- Last Updated on Tuesday, 05 February 2013 19:59
- Written by Ontario Ministry of Natural Resources
As their name suggests, Chimney Swifts make their homes in chimneys in urban neighbourhoods throughout Ontario. Chimney Swifts are experiencing steep declines across their North American range. Bird Studies Canada and its partners are looking for volunteers to help search for nesting locations. The Chimney Swift is a small, sooty‐coloured bird that makes its home in open brick chimneys in small to large towns and cities. It can be observed in most urban areas, flying overhead in quick, jerky movements, making a high‐pitched chittering call. Unfortunately, this bird is federally and provincially designated as a Threatened species. Chimney Swift numbers have declined by over 90% over the last four decades. The species was recently highlighted in the State of Canada’s Birds 2012 report as requiring urgent attention.
Since European settlement, Chimney Swifts have preferred to live near people, nesting in chimneys rather than the cavernous trees they once inhabited. You are most likely to observe swifts using larger chimneys attached to buildings such as hospitals, churches, and schools. Some chimneys are roosting sites where swifts gather in large numbers. By late summer, you will see the number of birds at roosts increasing, with some sites offering spectacular displays of hundreds, or even thousands, of birds entering a chimney at nightfall. Then, suddenly, Chimney Swifts depart, migrating south for the winter.
The Chimney Swift is an aerial acrobat that belongs to a special group of birds called ‘aerial insectivores.’ These birds forage on insects, such as mosquitoes, while in flight. The State of Canada’s Birds report notes that aerial insectivores are declining more steeply than any other group of birds. These declines are likely caused by a combination of factors, in Canada and in their wintering areas, including reductions in insect numbers, habitat loss, pesticide use, and climate change.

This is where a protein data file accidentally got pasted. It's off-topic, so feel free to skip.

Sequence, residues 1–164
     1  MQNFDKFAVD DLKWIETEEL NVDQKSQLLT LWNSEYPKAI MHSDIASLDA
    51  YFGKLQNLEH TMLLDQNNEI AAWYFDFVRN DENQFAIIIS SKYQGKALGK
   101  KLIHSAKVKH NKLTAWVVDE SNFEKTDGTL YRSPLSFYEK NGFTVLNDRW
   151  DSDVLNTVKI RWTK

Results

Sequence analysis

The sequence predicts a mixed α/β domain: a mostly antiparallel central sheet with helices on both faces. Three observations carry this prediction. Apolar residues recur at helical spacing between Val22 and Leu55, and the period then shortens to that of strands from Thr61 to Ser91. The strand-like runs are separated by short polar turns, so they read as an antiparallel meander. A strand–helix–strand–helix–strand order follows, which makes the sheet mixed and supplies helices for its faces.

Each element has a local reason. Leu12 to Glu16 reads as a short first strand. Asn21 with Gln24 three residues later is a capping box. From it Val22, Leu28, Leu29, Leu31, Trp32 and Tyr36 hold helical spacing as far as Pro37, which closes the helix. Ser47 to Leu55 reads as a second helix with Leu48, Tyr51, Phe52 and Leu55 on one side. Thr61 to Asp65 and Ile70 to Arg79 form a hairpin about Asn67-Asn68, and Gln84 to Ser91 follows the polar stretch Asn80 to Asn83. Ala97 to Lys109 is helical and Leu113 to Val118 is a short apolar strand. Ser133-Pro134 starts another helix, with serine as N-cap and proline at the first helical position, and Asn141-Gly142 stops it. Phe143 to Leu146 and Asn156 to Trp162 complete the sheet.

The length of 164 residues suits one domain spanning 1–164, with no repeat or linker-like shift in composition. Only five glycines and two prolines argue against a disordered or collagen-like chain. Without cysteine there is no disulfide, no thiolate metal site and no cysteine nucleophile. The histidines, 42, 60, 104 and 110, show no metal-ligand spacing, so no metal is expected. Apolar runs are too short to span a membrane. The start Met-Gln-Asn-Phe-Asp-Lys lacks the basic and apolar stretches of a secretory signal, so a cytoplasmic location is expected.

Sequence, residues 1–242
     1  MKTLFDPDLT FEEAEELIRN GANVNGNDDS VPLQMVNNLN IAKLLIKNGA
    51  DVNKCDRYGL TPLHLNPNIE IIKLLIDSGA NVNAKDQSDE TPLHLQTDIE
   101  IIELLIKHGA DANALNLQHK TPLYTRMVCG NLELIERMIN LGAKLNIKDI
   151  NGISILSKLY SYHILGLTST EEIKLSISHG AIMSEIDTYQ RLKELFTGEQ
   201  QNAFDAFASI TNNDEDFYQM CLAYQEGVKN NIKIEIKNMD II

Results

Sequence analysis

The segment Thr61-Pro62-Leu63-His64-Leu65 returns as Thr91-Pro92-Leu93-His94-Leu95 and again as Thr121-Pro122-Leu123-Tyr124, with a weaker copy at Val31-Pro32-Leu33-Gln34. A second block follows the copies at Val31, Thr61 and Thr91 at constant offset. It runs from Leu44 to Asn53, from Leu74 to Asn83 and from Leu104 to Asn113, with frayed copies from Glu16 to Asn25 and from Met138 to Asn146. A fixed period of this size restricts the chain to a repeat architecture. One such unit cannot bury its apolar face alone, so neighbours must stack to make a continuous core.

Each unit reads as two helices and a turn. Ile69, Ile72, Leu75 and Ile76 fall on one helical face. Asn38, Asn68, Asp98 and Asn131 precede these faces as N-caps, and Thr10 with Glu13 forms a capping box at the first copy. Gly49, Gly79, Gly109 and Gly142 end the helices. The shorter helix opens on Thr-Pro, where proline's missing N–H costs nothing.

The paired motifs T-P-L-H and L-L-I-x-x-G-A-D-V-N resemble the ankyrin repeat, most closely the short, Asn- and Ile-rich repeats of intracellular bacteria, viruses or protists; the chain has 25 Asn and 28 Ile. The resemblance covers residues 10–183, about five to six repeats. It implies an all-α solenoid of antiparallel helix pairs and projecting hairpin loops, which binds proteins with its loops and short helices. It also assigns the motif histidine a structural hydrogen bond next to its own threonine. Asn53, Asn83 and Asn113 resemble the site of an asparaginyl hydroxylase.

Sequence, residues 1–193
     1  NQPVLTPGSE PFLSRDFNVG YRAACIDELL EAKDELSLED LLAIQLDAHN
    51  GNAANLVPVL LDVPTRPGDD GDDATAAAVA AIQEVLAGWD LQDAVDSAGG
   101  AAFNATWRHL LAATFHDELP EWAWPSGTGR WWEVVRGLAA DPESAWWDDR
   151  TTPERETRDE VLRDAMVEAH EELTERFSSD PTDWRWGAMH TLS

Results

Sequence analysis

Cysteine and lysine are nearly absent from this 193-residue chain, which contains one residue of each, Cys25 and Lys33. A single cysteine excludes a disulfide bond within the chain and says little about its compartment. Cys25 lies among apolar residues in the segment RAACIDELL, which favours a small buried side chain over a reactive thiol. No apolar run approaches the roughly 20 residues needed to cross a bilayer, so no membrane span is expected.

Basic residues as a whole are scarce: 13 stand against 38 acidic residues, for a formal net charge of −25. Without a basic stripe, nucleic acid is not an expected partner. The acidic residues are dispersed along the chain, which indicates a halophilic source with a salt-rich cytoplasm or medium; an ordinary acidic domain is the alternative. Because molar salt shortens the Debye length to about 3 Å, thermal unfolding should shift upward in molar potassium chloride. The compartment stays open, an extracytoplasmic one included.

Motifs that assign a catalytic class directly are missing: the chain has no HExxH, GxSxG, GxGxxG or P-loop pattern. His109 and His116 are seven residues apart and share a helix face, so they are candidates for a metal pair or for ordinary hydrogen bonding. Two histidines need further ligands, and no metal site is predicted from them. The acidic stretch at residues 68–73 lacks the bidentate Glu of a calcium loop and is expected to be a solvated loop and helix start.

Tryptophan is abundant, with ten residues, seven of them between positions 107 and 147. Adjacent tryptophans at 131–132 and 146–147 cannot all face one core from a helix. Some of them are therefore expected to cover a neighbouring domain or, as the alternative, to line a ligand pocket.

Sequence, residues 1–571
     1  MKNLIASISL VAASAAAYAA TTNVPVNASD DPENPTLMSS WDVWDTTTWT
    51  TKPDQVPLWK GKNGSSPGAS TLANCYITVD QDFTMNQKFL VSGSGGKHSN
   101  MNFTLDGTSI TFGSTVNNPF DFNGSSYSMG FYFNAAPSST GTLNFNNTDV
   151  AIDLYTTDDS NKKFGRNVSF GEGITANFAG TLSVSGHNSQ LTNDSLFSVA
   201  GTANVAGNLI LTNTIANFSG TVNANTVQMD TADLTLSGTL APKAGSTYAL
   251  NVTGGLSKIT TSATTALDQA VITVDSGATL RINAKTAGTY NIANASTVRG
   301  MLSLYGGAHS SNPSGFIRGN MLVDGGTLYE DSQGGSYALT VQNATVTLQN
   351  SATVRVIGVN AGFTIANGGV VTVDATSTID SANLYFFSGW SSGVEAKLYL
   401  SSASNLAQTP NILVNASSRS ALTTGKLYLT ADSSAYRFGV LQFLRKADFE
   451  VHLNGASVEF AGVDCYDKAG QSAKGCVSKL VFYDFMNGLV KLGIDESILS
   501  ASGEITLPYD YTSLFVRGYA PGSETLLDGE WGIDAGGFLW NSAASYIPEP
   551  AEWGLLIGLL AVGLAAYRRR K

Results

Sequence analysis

The Ottawa Stewardship Council, the Rideau Valley Conservation Authority and Bird Studies Canada have partnered to learn more about the declines and their causes in the City of Ottawa. We are looking for help pinpointing Chimney Swift nesting locations in the City’s urban core, and its rural villages and hamlets, as part of the Ottawa Chimney Swift Nesting/Roosting Site Survey and Property Owner Outreach Project which is in its third survey season. It has been supported by dozens of volunteers to date, contributing several hundred hours to the cause.
Over the next few weeks, keep an eye on the sky, and on chimneys. If you happen to see or hear swifts, especially near sundown, look for an open chimney (no cap) in the vicinity, and note the address. If you have a few minutes, wait and see whether any birds enter the chimney.
“Whether you see a single Chimney Swift or several of them entering a chimney, it is important that we know about that chimney,” states Kristyn Richardson, Stewardship Biologist for Bird tudies Canada. “Ontario supports more than 50% of the Canadian population of Chimney Swifts, so there are thousands of sites that have yet to be discovered.”
For more information about swifts, how to look for them, and how to help them, visit our website at www.birdscanada.org/research/speciesatrisk/chsw or our Ontario SwiftWatch Facebook page (www.fb.com/ontarioswift).
Ontario SwiftWatch is a volunteer-based program in which community groups, volunteers, and professional biologists work together to search for and describe Chimney Swift locations. Bird Studies Canada (www.birdscanada.org) administers regional, national, and international research and monitoring programs that advance the understanding, appreciation, and conservation of wild birds and their habitats. We are Canada’s national body for bird conservation and science, and we are a non governmental charitable organization.